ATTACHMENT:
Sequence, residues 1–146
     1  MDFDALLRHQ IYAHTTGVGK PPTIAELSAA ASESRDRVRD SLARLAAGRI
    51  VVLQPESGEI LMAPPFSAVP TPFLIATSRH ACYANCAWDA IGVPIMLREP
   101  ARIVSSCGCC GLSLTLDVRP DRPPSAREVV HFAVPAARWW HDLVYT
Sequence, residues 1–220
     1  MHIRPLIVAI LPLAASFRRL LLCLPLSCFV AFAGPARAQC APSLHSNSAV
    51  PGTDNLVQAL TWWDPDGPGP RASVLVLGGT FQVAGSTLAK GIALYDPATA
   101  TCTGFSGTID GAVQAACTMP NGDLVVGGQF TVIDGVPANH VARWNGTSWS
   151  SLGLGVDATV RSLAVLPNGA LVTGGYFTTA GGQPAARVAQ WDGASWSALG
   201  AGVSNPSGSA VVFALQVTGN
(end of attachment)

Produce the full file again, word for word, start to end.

Sequence, residues 1–146
     1  MDFDALLRHQ IYAHTTGVGK PPTIAELSAA ASESRDRVRD SLARLAAGRI
    51  VVLQPESGEI LMAPPFSAVP TPFLIATSRH ACYANCAWDA IGVPIMLREP
   101  ARIVSSCGCC GLSLTLDVRP DRPPSAREVV HFAVPAARWW HDLVYT
Sequence, residues 1–220
     1  MHIRPLIVAI LPLAASFRRL LLCLPLSCFV AFAGPARAQC APSLHSNSAV
    51  PGTDNLVQAL TWWDPDGPGP RASVLVLGGT FQVAGSTLAK GIALYDPATA
   101  TCTGFSGTID GAVQAACTMP NGDLVVGGQF TVIDGVPANH VARWNGTSWS
   151  SLGLGVDATV RSLAVLPNGA LVTGGYFTTA GGQPAARVAQ WDGASWSALG
   201  AGVSNPSGSA VVFALQVTGN